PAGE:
The Yukon is one of North America’s major wilderness attractions; close to 80 percent remains pristine wilderness with 5,000-metre peaks, forested valleys, unspoiled waters and untamed wildlife.
Near the end of February, after a few months of sub-zero temperatures, Yukoners get a crazed look in their eyes and break out in grins for no apparent reason. It’s time to cut loose and take part in the best-known cure for cabin fever, the annual Yukon Sourdough Rendezvous Festival.
A kind of Mardi Gras in mukluks, "Rendezvous" is an entire week of wintertime silliness and celebration. Downtown Whitehorse assumes a carnival atmosphere as streets are closed for games, concerts and snow carving, and individuals test their skills and stamina in northern contests like chainsaw chucking, axe throwing or flour packing. Even the military joins in the fun, with Canadian and American aircraft putting on the annual Rendezvous Air Show at Whitehorse International Airport.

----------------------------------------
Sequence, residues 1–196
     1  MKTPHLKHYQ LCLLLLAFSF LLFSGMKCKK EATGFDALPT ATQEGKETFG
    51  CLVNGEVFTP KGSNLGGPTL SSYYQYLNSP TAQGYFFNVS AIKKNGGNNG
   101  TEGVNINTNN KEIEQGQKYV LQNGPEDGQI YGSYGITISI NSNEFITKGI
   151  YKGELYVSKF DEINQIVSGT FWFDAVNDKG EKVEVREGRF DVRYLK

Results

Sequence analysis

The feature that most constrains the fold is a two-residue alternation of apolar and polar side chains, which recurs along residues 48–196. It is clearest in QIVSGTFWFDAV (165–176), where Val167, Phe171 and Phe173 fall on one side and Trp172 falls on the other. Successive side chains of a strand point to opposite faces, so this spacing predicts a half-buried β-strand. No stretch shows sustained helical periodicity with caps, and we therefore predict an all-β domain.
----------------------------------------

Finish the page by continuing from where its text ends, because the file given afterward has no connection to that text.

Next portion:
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Yukon is world renowned as a legendary land imbued with gold rush history, frontier spirit and first nation culture. Listen to what fellow media travellers have to say about Yukon.